In almost mirror image divergence in late 2008 and early 2009, the relationship of the discretionary equity sector to the consumer staples sector put in a "higher low", while the S&P 500 put in a "lower low" in price. Once again the retail sector discretionary versus staples relationship was a leading indicator for both the financial markets and the economy, in essence "telling us" conditions would improve ahead. So looking forward this is one of many indicators regarding the character of US consumption hopefully helpful in decision making.
As of the end of last week, we see yet another very short term divergence between discretionary versus staples stocks set against the broad market characterized by the S&P.
In the current cycle, the discretionary versus staples relative performance ratio has been important not only for documenting and benchmarking the character of consumption, but also because the discretionary stocks have traditionally been considered a high beta (investment risk) sector. In the risk on versus risk off investment environment of the current cycle clearly engendered by the Fed's extravagant monetary policy experimentation, the discretionary sector singularly takes on importance in terms of staying in harmony with the risk on versus risk off ebb and flow character of the financial market for now.
One last retail observation we likewise hope is an important anecdote. A few brief preemptory comments. We all know it is clear that since late summer of last year, the Fed has directly targeted US stock prices for reflation. And reflate they have. Very generically, we know as does the Fed that the top roughly 20% wealth demographic in the US accounts for approximately 60% of personal consumption expenditures. Quite simply, the top 20% can out spend their US wealth demographic peers. The Fed also knows that it's this top 20% wealth demographic that is the most leveraged to higher stock prices vis-à-vis the concentration of equity ownership in the US . So, the Fed clearly inferred that if they could reflate stock prices, they could theoretically reflate aggregate personal consumption spending by this top 20% that would positively impact headline consumption numbers. This is indeed exactly what has happened.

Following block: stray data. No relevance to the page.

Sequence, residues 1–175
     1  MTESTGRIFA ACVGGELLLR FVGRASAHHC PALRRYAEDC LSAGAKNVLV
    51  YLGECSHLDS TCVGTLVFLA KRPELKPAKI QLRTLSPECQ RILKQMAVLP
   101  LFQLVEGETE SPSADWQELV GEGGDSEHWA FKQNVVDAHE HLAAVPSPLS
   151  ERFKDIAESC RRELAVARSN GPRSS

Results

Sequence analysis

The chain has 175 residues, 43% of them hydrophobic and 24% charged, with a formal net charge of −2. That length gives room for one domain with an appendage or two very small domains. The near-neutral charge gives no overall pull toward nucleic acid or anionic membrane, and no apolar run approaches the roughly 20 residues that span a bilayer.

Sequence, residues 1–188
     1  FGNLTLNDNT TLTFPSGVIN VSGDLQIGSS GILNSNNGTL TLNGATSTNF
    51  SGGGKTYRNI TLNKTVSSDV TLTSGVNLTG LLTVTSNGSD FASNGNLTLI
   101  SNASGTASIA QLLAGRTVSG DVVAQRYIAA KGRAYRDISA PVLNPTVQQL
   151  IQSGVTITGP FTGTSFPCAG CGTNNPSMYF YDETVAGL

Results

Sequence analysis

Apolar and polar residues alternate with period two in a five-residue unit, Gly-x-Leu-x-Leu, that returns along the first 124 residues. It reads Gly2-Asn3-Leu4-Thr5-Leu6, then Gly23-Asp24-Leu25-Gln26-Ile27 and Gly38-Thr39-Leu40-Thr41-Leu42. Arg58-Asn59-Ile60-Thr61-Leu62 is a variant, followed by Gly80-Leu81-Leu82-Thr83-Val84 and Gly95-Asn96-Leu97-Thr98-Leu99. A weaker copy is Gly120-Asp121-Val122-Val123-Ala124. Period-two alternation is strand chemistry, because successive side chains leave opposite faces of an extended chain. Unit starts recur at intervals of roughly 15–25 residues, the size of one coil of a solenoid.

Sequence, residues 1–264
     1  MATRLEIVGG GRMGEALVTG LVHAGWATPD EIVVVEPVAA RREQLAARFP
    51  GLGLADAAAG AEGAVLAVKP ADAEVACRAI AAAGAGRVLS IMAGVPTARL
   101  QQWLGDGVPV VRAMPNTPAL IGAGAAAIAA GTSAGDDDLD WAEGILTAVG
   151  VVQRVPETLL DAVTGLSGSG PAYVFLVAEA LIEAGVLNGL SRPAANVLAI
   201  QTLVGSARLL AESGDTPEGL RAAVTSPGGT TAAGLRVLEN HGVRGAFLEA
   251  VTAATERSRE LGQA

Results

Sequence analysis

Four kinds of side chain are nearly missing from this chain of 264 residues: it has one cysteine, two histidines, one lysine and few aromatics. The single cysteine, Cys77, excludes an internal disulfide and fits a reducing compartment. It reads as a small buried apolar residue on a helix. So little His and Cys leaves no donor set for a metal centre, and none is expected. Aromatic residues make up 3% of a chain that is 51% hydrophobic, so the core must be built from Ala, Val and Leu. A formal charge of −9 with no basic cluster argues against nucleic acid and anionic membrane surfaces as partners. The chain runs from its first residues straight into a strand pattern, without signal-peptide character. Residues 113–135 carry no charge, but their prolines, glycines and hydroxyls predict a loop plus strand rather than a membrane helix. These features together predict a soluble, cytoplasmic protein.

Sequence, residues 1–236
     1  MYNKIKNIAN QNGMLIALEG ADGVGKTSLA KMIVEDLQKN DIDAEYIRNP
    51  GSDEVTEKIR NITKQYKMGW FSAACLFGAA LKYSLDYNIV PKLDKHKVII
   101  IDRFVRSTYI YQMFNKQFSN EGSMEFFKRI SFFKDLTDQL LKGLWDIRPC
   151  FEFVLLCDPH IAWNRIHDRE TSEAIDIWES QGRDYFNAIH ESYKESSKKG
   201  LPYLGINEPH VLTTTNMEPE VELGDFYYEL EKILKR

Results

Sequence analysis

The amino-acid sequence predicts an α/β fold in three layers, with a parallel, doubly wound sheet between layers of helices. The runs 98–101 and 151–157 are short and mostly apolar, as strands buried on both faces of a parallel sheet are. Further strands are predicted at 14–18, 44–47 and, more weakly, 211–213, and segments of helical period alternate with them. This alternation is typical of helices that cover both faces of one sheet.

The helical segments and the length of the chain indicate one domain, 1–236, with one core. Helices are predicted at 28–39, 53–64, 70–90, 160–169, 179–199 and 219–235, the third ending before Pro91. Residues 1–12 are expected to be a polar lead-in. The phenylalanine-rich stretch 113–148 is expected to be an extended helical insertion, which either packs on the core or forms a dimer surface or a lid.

Is there yet something else we can watch that might give us an insight or two as to how the higher end of the consumption food chain in the US feels about life? We'll see how it all works out ahead, but one observation that has indeed been helpful in both of the prior two financial market and real economic cycles has been to keep an eye on very high end retail such as Sotheby's that you see below. Sotheby's has literally put in spike price highs very near the top of each prior market cycle and directly before the onset of both of the last two recessions. Directionally it has been joined at the hip with the broad equity market.
Again, just another tool in the analytical tool box we hope can help in completing the ongoing paint by number story that is the financial market. Hopefully by watching the XLY versus XLP ratio in conjunction with high end retail such as Sotheby's will allow us to get a sense for the total high and low end of the consumer market. A market crucial to the character of the US economy and a market that has very much been supporting by Government sponsored tailwinds that are set to die down as we move directly ahead. Up to this point, despite higher costs of energy and food related necessities of life, in aggregate consumers have hung in there. Retail sales have been good. But as we look ahead and Government stimulus to US disposable personal income winds down, will retail sales simply become fair? As per the economic/financial market indicator toolbox of life, what we'll critically need to be on the lookout for is the potential for fractured fair retails.